The other way you can make bigger bindings work with a narrower board is by picking a pair with an adjustable heel cup that lets you reposition your boots in relation to the footbed.
While it might just seem like bindings are simple bits of gear designed to keep your board strapped to your feet, the truth is they’re a lot more complex than most people give them credit for.
If you’re new to the sport, picking the right bindings might be the difference between an enjoyable experience or finding the already tough learning curve is more like a learning wall.
Beginners should make sure they opt for bindings that are comfortable with a good amount of cushioning on the straps and highbacks.
As a novice, you’re going to need to concentrate on the motions that become second nature to advanced riders. If your bindings are causing you discomfort, it’s going to be harder to focus on what you’re doing.
You’re going to pick up a few bumps and bruises as a rookie, so there’s no point adding any extra pain to the experience.
The other thing to factor into your binding choice is the all-important flex. Both boots and boards have varying amounts of flex that will affect your ride, and bindings are no different.
Stiffer bindings are more responsive; while this might sound like a good thing, it means there’s less room for mistakes as every little move you make will be transferred from your body to the board.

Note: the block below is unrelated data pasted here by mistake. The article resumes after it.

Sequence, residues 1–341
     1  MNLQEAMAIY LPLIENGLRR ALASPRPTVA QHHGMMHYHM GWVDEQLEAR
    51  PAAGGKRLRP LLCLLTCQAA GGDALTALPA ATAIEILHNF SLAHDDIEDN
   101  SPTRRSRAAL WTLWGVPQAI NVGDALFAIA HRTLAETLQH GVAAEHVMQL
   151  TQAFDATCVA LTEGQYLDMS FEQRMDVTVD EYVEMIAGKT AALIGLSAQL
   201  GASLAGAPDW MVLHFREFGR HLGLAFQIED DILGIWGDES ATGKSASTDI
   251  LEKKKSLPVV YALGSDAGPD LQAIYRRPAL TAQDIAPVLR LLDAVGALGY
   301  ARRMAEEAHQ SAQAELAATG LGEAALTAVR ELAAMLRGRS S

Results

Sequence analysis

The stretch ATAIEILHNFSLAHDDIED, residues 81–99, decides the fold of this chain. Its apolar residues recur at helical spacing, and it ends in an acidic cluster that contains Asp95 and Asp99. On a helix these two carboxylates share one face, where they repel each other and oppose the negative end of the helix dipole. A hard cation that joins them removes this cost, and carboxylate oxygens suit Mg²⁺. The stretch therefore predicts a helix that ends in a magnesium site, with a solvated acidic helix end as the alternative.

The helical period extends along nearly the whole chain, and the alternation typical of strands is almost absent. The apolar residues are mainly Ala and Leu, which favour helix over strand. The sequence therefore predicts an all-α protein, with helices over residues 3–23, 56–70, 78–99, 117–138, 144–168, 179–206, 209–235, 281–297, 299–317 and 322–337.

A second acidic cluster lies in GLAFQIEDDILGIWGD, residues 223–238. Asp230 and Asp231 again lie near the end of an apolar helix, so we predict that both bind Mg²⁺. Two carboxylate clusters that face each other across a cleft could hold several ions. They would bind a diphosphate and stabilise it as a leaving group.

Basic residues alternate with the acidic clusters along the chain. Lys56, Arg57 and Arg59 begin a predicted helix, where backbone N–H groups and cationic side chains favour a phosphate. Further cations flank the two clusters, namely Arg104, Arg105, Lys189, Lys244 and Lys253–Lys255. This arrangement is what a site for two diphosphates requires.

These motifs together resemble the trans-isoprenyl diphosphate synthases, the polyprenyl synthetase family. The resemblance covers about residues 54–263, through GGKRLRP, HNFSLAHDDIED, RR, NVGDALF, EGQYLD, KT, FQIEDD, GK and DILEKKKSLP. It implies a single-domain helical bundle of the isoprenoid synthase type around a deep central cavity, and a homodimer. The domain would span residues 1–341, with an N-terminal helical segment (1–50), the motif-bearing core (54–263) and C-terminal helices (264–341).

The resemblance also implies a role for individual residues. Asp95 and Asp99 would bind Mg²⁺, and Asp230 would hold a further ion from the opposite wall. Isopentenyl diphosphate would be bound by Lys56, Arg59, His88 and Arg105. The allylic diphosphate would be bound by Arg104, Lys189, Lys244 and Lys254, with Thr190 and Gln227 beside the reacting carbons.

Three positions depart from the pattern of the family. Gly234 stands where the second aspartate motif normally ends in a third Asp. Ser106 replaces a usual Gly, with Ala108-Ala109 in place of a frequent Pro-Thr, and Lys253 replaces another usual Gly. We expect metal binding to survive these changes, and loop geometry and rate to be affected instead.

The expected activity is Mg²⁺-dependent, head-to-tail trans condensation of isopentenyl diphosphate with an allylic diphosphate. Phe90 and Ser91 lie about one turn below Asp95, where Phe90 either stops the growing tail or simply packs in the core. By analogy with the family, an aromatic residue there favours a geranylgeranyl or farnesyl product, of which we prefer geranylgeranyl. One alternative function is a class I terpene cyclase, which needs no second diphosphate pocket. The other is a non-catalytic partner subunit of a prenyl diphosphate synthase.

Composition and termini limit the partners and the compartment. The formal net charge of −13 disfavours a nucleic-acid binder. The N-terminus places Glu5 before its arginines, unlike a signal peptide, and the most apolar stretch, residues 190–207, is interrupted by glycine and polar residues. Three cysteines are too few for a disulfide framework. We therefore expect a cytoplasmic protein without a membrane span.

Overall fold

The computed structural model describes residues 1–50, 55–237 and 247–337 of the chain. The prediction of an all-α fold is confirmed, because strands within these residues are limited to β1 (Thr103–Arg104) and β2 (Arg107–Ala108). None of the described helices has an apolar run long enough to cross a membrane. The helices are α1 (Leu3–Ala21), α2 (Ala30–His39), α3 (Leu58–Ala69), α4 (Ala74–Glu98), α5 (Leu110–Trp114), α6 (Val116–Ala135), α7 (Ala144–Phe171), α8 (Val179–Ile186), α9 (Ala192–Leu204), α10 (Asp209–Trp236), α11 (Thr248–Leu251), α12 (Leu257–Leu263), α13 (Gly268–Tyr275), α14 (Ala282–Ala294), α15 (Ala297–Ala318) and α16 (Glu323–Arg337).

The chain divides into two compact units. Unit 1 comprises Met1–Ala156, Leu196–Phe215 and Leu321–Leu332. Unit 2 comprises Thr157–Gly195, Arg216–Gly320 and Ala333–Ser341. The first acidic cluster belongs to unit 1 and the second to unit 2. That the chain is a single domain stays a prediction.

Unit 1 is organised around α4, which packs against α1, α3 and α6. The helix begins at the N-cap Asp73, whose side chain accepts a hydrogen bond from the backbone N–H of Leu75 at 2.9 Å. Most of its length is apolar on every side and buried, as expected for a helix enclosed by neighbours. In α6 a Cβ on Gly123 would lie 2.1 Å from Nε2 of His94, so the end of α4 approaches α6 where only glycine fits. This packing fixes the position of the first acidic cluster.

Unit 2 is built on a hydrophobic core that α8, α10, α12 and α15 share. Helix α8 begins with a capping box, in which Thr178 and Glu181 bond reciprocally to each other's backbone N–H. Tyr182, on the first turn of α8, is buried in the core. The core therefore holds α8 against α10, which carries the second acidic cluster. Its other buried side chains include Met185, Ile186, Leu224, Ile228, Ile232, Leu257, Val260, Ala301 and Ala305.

Beginners are better off with medium-to-soft flex bindings that are more forgiving.
Flexible bindings are also better for freestyle snowboarders as they allow more room for error and better shock absorption when landing jumps and tricks and make it easier for tweaking grabs.
More flexible bindings and boots are also better for buttery flatland tricks and jibbing.
They offer more maneuverability and control at slower speeds, much in the same way that looser trucks affect turning on a skateboard.
For those who prefer the all-mountain experience, splitting their time between the park, piste, and backcountry, a medium-to-soft flex is a better choice.
The stiffer your bindings, the more efficiently energy will transfer to your board.
This means that for hardcore racers and freeriders, stiffer bindings give the greatest amount of responsiveness, allowing for long, smooth carving at maximum velocity.
Lastly, while they’re fairly uncommon, some snowboarders use bindings that are closer in nature to ski bindings and are paired with hardshell snowboard boots.
These are usually only used by downhill racers, sometimes called alpine racing.
However, recently they’re becoming popular with splitboard riders too as the boot and binding style make it much easier when using the two halves of the board for cross-country skiing.
For the most part, the type of snowboard boot you use won’t affect the type of binding you choose; however, there are a few exceptions. Snowboard boots vary in a few different ways.
While there are three different lacing systems available, including traditional laces, speed laces, and the Boa system, none of these impact the kind of bindings you can use with them.